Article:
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Shaping serendipity

>> 13 February 2011

Serendipity is the faculty of finding things we didn't know we were looking for.
-- Glauco Ortolano

Serendipity plays quite a big role in creativity, because there is only so much you can actively search for when you are looking for new ideas.

Creative people tend to increase the probability of serendipitous encounters that may prove both relevant and valuable to them.

How do they to that?

You can't really find anything if you don't know what you're looking for.
But if you know what you're looking for you know where to find it, right?

Not necessarily.
Sometimes what you are looking for is just a vague idea. You have a plan about increasing the team spirit at work - but you don't really know how exactly you are going to do that.
Is it training you need? Or some team building events?

You need to give the issue some attention. You need to think about it, talk about it with colleagues, do some research. Write the project name on your wall or whiteboard. Have it in front of you even (and especially) when you are not actively thinking about it.

Your surroundings play a big role in shaping your serendipitous encounters. After all, if you live in a sterile, empty place, you won't bump into anything.

So look around you. Is your office a standard cubicle? The same furniture as your neighbor?
Can't decorate because company police does not allow it? Fine, you don't have to turn your feng shui house into a messy, cluttered place.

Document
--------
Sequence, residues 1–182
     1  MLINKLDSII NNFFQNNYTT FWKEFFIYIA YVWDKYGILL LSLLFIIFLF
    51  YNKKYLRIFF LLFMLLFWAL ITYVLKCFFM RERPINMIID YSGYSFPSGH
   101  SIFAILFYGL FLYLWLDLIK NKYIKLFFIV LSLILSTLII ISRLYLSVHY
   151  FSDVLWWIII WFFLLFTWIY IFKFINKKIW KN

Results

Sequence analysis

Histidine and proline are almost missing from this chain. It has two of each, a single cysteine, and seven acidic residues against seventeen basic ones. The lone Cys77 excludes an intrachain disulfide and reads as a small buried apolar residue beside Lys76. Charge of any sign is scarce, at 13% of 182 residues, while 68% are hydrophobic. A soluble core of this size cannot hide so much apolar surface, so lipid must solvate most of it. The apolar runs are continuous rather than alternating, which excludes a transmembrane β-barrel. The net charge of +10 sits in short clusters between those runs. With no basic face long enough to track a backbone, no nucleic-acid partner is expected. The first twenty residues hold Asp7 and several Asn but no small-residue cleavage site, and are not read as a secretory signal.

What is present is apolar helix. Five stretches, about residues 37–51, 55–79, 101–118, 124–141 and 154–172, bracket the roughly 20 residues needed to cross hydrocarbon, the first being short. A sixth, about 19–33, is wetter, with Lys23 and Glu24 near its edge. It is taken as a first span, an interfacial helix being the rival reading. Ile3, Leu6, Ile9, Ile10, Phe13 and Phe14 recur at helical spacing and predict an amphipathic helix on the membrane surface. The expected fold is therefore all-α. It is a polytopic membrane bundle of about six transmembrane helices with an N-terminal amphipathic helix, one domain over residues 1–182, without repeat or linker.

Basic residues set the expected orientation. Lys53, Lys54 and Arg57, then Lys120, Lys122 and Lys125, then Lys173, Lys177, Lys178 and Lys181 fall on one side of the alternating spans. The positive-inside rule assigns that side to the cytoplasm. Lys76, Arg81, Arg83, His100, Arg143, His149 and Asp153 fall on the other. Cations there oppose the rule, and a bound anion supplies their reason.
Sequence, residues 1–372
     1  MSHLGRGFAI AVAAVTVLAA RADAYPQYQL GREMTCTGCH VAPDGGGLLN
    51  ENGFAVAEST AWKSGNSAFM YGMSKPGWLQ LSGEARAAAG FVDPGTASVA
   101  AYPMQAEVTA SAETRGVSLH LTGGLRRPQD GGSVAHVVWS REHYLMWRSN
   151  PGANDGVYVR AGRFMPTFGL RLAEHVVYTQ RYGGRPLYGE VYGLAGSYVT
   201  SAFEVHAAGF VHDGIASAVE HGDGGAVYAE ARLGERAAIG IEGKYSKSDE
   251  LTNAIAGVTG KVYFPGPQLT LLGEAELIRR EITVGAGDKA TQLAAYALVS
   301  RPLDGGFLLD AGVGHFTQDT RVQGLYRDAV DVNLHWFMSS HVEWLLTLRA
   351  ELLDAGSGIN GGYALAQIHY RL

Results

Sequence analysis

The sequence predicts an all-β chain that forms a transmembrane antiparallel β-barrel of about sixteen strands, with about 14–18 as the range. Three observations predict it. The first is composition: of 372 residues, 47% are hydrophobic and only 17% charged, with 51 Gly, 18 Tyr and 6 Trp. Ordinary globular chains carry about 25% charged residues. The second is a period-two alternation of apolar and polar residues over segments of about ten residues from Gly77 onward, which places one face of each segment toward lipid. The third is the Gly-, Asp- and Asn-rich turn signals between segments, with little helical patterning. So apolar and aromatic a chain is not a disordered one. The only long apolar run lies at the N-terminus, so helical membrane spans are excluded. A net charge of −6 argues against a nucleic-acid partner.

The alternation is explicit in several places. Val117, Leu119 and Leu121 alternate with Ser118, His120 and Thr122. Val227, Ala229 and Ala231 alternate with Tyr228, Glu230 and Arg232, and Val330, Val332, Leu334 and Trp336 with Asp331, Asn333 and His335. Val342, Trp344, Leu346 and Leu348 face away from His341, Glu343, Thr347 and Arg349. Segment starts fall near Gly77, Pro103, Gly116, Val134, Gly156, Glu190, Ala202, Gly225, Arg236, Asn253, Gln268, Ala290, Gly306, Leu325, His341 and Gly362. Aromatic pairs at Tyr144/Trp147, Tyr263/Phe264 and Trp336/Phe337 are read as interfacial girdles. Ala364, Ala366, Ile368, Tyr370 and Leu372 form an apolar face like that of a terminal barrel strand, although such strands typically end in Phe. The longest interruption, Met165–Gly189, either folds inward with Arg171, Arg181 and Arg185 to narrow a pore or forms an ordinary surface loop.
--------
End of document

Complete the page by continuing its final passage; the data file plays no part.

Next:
All you need is a box really. A magic box full of STUFF: wrapping paper, yarn, buttons, crayons, playdoh, post-it notes, wooden blocks, stones, shells, broken pieces of things etc. Fill your box with very diverse things. And whenever you are looking for an idea, open the box and wait for the magic to jump out.

When you are working on a specific project, you need to start with an new, empty box.
Give your attention to the project and everything that is related to it.

And whatever you come across that even slightly reminds you of your project - even though you have no idea why and can't explain what you're going to do with it - put it in the box. A video you like, a rotten piece of bark that has a great shape and texture, a picture in a magazine that is only slightly related to your idea.

You are preparing your project.

Whenever you are working on your project, open the box, spread out the contents. Let yourself be inspired by it.

Be prepared for luck. People who don't expect to find money on the street, will never even notice the penny on the sidewalk. Expect the penny. Expect luck.

Practice serendipity by exposing yourself to many surfaces: attend conferences that have nothing to do with your subject, connect with people that are the opposite of those you work with (i.e. if you are a ballet choreographer, go talk to computer programmers or soup kitchen volunteers). You never know what comes out of that.

Reciprocity and sharing
Creative people don't hide ideas. They talk about them. All the time. To A LOT of people.
The don't hoard ideas. They give them away.

Both reciprocity and sharing are good indicators of shaping your luck environment.

The people you talk to might give you some advice, or tell you a story that sparks an idea, or connect you with someone who does something similar.

When you give something (advice, help, your art etc), something you're good at, something that is of value, the receiver is most likely going to reciprocate. This is not the same as 'I give you this and I expect something in return from you'. Creative and lucky people give freely without any strings attached. Try it. It does a world of good.


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